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Transjugular Intrahepatic Portosystemic Shunt


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A transjugular intrahepatic portosystemic shunt (TIPS) is a minimally invasive procedure to create an artificial channel between the portal vein and the hepatic vein.

Normally, the portal vein carries blood from the intestine and spleen to the liver. This blood then passes through tiny channels surrounding the liver cells. The nutrients and toxins are filtered out by the liver cell. The blood then passes through the hepatic vein to drain into vena cava and heart.

Any blockage in this normal flow pathway results in pressure build up in the portal vein, known as portal hypertension. The commonest cause of the obstruction to the blood flow is due to scarring within the liver, Known as cirrhosis. Portal hypertension causes the diversion of blood around the liver, which creates an enlargement of venous channels in the walls of the food pipe (esophagus), stomach, and abdomen. Increased pressure within these enlarged venous channels, or varices, can cause bleeding. Other common effects of portal hypertension are fluid build-up in the abdomen, known as ascites, or chest, known as pleural effusion.

By creating an artificial channel between portal vein and hepatic vein, TIPS reduces the pressure within the portal system and thereby reduces or alleviates the effect of portal hypertension such as ascites, pleural effusion or variceal bleeding. While this is the aim of the procedure, it is not free from negative effects.

The University of Miami Health System interventional radiologists use imaging guidance to perform this innovative procedure.

Who is a Candidate?

Ascites and pleural effusion due to portal hypertension are initially treated with medications and varices in the esophagus are initially treated with medications and banding procedure performed through endoscope. If the ascites, pleural effusion or bleeding varices cannot be successfully controlled with medications, TIPS is performed in select patients.

Your doctor will determine your overall chance of successful outcome and any possible complications after evaluating your general health, severity of the liver disease, baseline heart, and kidney functions. A team of specialists, including a hepatologist, interventional radiologist and transplant team, if needed, can determine if TIPS is a right choice for you.

What to Expect

Your doctor may tell you not to eat or take certain medications, like aspirin or non-steroidal anti-inflammatory drugs (NSAIDs) before your procedure. Always tell your doctor what medicines you are taking, including vitamins or herbs.

You will be given general anesthesia before your TIPS procedure so that you sleep during the procedure and do not feel any pain or discomfort.

After you are asleep, your doctor will make an incision in the jugular vein in your neck. They will insert a catheter (thin plastic tube) through the incision. Using X-ray guidance, they will guide the catheter to the portal vein in your liver.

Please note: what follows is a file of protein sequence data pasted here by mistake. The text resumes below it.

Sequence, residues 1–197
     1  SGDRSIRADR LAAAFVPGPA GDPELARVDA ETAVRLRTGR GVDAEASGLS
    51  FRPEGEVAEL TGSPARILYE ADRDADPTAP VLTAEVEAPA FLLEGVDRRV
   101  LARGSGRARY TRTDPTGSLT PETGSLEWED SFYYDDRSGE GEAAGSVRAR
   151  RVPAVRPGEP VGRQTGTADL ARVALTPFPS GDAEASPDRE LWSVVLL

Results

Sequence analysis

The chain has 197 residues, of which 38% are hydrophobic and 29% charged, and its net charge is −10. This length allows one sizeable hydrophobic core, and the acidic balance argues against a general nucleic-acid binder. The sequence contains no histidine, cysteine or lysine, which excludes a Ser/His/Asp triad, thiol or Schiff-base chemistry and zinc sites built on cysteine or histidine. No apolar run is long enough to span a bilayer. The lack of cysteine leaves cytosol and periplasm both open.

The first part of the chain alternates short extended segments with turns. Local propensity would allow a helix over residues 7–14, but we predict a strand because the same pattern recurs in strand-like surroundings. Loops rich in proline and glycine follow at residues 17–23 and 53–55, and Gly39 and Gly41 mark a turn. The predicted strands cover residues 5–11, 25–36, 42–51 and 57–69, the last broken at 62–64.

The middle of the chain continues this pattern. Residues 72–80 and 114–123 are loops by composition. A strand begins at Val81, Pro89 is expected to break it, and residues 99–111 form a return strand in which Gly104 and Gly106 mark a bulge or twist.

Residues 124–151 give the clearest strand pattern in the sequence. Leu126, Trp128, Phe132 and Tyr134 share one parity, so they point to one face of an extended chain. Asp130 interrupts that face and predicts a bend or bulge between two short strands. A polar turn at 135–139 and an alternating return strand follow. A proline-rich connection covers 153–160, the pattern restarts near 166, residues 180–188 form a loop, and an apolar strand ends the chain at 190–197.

Next, they will use specialized tools to create a tunnel between your portal vein and your hepatic vein — both located in the liver. They will then place a stent (wire mesh tube) into the new pathway to keep it open. Because blood can now flow through a new pathway, your portal vein is not under as much pressure. This relieves portal hypertension and abdominal bleeding in most patients.

Once the stent is in place, your doctor will remove the catheter and close the incision on your neck. The entire procedure takes about two to three hours. You will be able to go home the day after your TIPS procedure (outpatient procedure) and may be able to resume normal activities within a couple of weeks.

Despite the success rate of TIPS, diverting blood from the portal circulation to hepatic veins may cause following unwanted consequences.

  • Hepatic encephalopathy: Since the ammonia produced in the intestines now bypasses liver, it can cause negative effect on the brain known as hepatic encephalopathy. Usually, it can be prevented or controlled by medications.

  • Liver failure: As the portal blood is now diverted from the liver tissue directly to the general circulation, it may affect liver function negatively. Fortunately, liver has dual blood supply and supply from the hepatic artery is usually sufficient to prevent overt liver failure.

  • Heart failure: The diversion causes increase in the blood volume reaching the heart and may lead to heart failure in patients with borderline heart disease.

Apart from these, other complications include internal bleeding, kidney failure due to use of iodine containing dye during the procedure, biliary injury or injury to organs surrounding the liver, and very rarely fatal internal bleding.

Why Choose UHealth?

Expert care from highly trained interventional radiologists. Our interventional radiologists and radiology specialists are experts in a variety of minimally invasive procedures — everything from treatments to clear blocked blood vessels to advanced cancer therapies like NanoKnife®.

Leading-edge imaging care in South Florida. Our doctors are also researchers discovering new ways to improve diagnosis and treatment. That means you can get some of today’s most promising advancements through clinical trials. You benefit from the latest developments that are fast-tracked from the lab to the bedside.

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